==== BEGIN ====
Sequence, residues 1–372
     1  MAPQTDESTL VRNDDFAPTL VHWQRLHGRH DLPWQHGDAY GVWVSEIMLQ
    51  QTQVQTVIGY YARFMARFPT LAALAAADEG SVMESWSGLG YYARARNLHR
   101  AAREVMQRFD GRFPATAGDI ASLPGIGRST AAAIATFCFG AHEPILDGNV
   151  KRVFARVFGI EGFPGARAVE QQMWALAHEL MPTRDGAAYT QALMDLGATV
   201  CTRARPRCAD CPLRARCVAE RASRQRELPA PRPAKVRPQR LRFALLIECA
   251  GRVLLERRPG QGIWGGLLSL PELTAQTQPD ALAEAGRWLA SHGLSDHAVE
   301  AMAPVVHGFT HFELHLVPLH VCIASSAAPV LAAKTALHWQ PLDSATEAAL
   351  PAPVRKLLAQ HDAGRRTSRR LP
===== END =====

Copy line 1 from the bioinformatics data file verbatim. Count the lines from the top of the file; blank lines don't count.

Sequence, residues 1–372